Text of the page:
CELL2VEC BTS embeddings for advanced network diagnostics
One of our main fields of focus is using cell-tower data to improve network performance and customer experience. We have proved that word2vec, a neural-network technique developed to understand human languages, can interpret raw cell-tower data and potentially improve network performance.
Fig 1: Visualisation of the cell2vec output after dimensionality reduction
The problem of messy and unreliable data
With these techniques, we overcome the problem of messy, unreliable data resulting from SIM cards connecting to network base transceiver stations. The main problem is that network base stations were never designed to provide meaningful location data. Their connections to individual devices can appear quite random, and many handovers between cells are not recorded. A known route, such as a journey by train, appears to jump unpredictably between base stations, according to the recorded data, making it very difficult to pinpoint the location from this source alone.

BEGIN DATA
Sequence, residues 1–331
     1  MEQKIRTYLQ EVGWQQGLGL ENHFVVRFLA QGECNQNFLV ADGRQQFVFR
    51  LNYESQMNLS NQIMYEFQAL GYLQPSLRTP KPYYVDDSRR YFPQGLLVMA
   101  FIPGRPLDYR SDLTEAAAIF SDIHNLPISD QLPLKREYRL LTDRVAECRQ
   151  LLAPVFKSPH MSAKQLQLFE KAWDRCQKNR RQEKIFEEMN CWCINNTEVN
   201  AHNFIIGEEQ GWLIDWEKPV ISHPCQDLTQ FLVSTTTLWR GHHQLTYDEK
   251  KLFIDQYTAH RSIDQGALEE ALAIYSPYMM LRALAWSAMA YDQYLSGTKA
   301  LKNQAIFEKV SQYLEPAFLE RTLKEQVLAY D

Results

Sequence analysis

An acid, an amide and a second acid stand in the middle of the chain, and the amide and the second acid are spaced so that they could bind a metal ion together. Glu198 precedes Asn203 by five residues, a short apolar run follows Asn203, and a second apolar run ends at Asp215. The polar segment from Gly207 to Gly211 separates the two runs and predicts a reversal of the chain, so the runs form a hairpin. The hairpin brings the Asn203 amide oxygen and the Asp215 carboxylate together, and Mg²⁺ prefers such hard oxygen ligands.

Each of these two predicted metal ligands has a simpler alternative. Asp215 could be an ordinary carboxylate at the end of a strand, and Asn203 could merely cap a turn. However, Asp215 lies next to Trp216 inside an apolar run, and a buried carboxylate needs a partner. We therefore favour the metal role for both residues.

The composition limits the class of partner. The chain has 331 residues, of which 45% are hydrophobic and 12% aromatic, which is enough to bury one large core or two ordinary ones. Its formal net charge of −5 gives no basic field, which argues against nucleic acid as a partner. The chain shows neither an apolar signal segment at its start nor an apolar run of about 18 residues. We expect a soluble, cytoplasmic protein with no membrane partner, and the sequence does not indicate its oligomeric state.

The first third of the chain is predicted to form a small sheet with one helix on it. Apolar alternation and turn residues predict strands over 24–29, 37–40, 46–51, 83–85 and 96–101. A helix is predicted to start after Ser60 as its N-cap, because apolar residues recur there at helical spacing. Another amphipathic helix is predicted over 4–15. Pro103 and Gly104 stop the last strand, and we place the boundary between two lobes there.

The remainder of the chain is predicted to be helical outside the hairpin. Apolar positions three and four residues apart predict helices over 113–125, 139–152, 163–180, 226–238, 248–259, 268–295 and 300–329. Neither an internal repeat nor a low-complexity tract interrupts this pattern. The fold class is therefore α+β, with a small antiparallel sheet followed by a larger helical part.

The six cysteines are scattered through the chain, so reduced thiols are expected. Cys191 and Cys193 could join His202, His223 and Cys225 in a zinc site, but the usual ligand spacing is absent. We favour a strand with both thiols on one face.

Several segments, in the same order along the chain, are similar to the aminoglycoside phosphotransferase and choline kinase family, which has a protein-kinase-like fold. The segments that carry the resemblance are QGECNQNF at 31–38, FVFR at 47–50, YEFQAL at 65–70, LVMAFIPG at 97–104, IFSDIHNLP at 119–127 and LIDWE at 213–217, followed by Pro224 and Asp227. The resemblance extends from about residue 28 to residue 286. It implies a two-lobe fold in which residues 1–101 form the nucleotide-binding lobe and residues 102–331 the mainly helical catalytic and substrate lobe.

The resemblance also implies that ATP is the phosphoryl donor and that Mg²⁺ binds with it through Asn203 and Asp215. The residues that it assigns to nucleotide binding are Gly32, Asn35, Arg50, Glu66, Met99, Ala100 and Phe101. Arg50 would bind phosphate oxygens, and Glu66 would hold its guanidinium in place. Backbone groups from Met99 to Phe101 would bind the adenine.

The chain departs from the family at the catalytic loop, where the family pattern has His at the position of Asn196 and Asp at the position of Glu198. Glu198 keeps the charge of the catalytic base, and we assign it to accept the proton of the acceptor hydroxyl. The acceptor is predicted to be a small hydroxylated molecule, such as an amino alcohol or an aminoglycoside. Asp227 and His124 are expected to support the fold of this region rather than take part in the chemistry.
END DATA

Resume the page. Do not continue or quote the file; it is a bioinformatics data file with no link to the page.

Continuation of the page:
We turned to word2vec
It is in contrary to the common belief that a mobile provider has very accurate location information of its customers. Meanwhile, GPS data is only available to phone operating-system providers and apps with which customers have agreed to share the data. After unsuccessfully trying all the common used techniques for these problems, we turned to word2vec, to find out if it could reveal the locations of those base stations from raw network data without any additional tagging or interpretation.
Just streams of plain text
We used absolutely no other information; just streams of plain text containing the cell ID tokens and with the help of word2vec we encoded it into latent representations of the base stations state. These representations contain all conceivable and also inconceivable information about the stations. One of our most exciting moments, and impulses for further work, was finding that with the help of word2vec and Uniform Manifold Approximation and Projection (UMAP), we are able to get the longitude and latitude coordinates of each tower. Just from the raw stream of network data. What else can be done with that? This is our ongoing internal research and development in close cooperation with O2’s network experts.